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A Window into the Chareidi World

1 Tammuz, 5782 - June 30, 2022 | Mordecai Plaut, director | Vayishlach - 5782 Published Weekly
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Heichal HaTorah - Hakosel Hamaarovi: A New Public Beis Medrash near the Kosel

In wake of the tremendous demand of the Torah public, it has been decided to open each Thursday evening, leil Shishi, the Heichal HaTorah - Kosel Maarovi area near the Kosel square so that the thousands who come to this remnant of the Beis Hamikdash can study Torah in tranquility and clarity without disturbance.

At this place, one can avail oneself of the thousands of volumes of a Torah library on Shas, Rishonim and Acharonim, as well as works on Jewish philosophy and Mussar.





MK Rabbi Yaakov Asher with a Bill to Allow Installation of Shabbos Pumps in Residential Buildings

A new proposed law allows every tenant the right to install a Shabbos water pump at his expense without requiring the consent of all the other tenants. As a result, a delegation from Mishmeres HaShabbos paid a visit, together with MK Rabbi Yaakov Asher, the initiator of the law, to the home of the Slobodka Rosh Yeshiva to seek his blessing for this fine achievement. The law was imperative since beforehand, Shabbos observers were prevented from installing a kosher pump unless all the tenants agreed to it.

Attorney Yehuda Cohen explained that according to the new proposed law, a Shabbos arrangement can be installed for pumps in residential buildings, similar to the existing rule for lighting where special lighting need not require consent of all the neighbors - but could be installed at a tenant's own cost.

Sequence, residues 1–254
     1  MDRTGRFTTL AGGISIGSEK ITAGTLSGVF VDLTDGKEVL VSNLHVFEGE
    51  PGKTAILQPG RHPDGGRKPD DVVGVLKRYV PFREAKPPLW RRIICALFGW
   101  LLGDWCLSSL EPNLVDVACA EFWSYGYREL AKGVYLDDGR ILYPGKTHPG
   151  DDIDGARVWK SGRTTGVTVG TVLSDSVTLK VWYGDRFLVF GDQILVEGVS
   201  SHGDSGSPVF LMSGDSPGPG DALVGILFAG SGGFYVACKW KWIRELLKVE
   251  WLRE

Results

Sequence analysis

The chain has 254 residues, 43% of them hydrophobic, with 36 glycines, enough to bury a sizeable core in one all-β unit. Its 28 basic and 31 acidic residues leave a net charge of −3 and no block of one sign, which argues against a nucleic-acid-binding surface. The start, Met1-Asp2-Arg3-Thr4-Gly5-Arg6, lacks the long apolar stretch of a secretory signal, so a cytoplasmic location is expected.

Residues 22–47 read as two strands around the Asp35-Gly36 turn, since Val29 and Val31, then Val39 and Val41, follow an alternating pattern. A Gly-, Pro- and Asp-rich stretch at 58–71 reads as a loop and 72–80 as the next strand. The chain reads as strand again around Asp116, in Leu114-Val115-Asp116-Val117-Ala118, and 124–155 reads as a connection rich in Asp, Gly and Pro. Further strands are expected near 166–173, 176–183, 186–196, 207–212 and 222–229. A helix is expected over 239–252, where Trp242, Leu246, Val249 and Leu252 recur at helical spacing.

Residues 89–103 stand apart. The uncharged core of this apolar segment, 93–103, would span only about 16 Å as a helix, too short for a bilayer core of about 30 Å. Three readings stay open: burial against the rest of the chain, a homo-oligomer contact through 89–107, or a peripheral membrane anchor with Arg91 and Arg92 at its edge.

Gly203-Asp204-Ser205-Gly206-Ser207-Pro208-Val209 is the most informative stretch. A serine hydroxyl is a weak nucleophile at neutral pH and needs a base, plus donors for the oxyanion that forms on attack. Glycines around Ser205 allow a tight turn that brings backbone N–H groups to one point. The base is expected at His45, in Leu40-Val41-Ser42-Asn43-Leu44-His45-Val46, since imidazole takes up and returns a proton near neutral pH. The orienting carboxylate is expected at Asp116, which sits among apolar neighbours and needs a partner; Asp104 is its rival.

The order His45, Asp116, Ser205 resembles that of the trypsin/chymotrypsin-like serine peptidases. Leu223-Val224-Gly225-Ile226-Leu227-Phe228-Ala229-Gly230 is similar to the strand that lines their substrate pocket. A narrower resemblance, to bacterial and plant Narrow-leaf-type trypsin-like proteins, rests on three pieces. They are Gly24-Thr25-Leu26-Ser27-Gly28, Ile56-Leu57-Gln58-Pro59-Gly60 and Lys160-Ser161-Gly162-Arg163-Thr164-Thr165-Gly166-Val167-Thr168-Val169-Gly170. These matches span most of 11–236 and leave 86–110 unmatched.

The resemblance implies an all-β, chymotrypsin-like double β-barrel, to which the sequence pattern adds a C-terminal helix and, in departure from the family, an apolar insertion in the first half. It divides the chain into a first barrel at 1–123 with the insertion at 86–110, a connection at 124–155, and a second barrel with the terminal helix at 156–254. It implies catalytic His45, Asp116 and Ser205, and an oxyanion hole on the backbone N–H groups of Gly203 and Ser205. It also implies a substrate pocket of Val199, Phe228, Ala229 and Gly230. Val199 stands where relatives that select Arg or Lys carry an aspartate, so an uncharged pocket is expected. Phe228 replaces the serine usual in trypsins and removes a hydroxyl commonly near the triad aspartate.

Agudath Israel of America Welcomes Supreme Court Overruling Roe v. Wade

On Friday June 24, the Supreme Court of the United States announced that it had overruled Roe v. Wade, the 1973 decision establishing a woman's constitutional right to abortion. Agudath Israel of America welcomes this historic development.

Agudath Israel has long been on record as opposing Roe v. Wade's legalization of abortion on demand. Informed by the teaching of Jewish law that fetal life is entitled to significant protection, with termination of pregnancy authorized only under certain extraordinary circumstances, we are deeply troubled by the staggering number of pregnancies in the United States that end in abortion.





US Supreme Court Makes a Big Decision

America is up in arms about a US Supreme Court decision. Former president Donald Trump, who has not yet said his last word, succeeded during the four years of his tenure to effect a revolution in the makeup of the judges in the US Supreme Court.

In America, judges are not chosen by an inner clique like in little Israel, but by the sitting president, as it has been conducted for the past many years. Nor is there any mandatory age for retirement; rather, judges can willingly resign or leave the position through a "call from On High".

Thus, a president cannot always appoint judges or affect the makeup of the court. During Trump's office, three judges left the court, so that of the nine seats, he was able to appoint three new judges of conservative leanings in the spirit of the Republican Party, and create a solid majority of conservative judges, six all told, vs. three liberal ones.





Dr. Nosson Birnbaum: The First Prominent Modern Baal Teshuvah